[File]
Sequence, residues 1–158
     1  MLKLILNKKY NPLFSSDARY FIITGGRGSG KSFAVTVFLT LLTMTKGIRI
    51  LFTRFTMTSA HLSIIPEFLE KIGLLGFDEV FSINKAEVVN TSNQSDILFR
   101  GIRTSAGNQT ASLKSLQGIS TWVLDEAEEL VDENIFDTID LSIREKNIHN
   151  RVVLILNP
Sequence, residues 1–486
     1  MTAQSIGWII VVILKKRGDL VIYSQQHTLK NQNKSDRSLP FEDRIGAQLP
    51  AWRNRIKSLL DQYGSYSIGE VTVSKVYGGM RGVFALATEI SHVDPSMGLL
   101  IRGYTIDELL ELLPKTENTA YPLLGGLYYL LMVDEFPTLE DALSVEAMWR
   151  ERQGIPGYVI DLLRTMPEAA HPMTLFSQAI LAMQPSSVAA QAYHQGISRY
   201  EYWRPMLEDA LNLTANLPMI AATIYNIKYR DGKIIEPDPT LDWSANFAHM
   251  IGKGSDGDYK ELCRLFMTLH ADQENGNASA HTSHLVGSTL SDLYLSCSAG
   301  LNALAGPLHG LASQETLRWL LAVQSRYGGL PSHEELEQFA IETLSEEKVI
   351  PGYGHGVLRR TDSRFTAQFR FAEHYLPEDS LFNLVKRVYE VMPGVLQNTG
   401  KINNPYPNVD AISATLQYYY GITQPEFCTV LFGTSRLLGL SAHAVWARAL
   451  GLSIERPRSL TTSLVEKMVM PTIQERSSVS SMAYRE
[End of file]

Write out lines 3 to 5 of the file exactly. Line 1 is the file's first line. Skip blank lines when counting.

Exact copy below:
    51  LFTRFTMTSA HLSIIPEFLE KIGLLGFDEV FSINKAEVVN TSNQSDILFR
   101  GIRTSAGNQT ASLKSLQGIS TWVLDEAEEL VDENIFDTID LSIREKNIHN
   151  RVVLILNP